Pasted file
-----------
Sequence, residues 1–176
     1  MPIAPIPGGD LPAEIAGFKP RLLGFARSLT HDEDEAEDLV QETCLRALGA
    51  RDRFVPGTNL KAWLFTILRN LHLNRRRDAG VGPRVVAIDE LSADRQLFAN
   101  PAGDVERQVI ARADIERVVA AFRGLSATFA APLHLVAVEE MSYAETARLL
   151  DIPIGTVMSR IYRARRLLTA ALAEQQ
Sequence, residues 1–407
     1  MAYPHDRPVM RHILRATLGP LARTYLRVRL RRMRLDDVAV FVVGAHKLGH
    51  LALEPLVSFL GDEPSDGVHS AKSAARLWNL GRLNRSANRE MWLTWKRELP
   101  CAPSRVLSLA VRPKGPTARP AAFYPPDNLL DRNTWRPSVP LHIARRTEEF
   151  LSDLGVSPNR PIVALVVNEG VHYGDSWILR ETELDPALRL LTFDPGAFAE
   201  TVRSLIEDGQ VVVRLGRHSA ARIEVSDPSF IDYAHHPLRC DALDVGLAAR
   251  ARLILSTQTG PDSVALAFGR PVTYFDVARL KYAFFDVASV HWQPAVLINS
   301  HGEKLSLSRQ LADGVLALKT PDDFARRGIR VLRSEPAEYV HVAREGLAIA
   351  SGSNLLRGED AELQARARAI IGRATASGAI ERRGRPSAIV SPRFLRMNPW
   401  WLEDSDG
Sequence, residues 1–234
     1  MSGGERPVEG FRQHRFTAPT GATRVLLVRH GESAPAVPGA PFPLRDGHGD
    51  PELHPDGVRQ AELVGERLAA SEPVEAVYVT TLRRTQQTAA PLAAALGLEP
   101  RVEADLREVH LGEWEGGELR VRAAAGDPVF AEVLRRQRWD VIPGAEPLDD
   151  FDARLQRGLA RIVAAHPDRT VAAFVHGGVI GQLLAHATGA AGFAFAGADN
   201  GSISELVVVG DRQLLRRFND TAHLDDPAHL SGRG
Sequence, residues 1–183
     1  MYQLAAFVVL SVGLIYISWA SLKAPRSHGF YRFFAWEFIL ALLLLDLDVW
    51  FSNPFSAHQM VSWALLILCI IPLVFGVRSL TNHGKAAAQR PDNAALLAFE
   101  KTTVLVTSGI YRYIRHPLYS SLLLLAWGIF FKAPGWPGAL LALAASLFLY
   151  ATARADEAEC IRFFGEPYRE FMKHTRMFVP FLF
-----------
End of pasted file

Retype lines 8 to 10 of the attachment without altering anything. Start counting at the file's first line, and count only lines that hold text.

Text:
    51  LALEPLVSFL GDEPSDGVHS AKSAARLWNL GRLNRSANRE MWLTWKRELP
   101  CAPSRVLSLA VRPKGPTARP AAFYPPDNLL DRNTWRPSVP LHIARRTEEF
   151  LSDLGVSPNR PIVALVVNEG VHYGDSWILR ETELDPALRL LTFDPGAFAE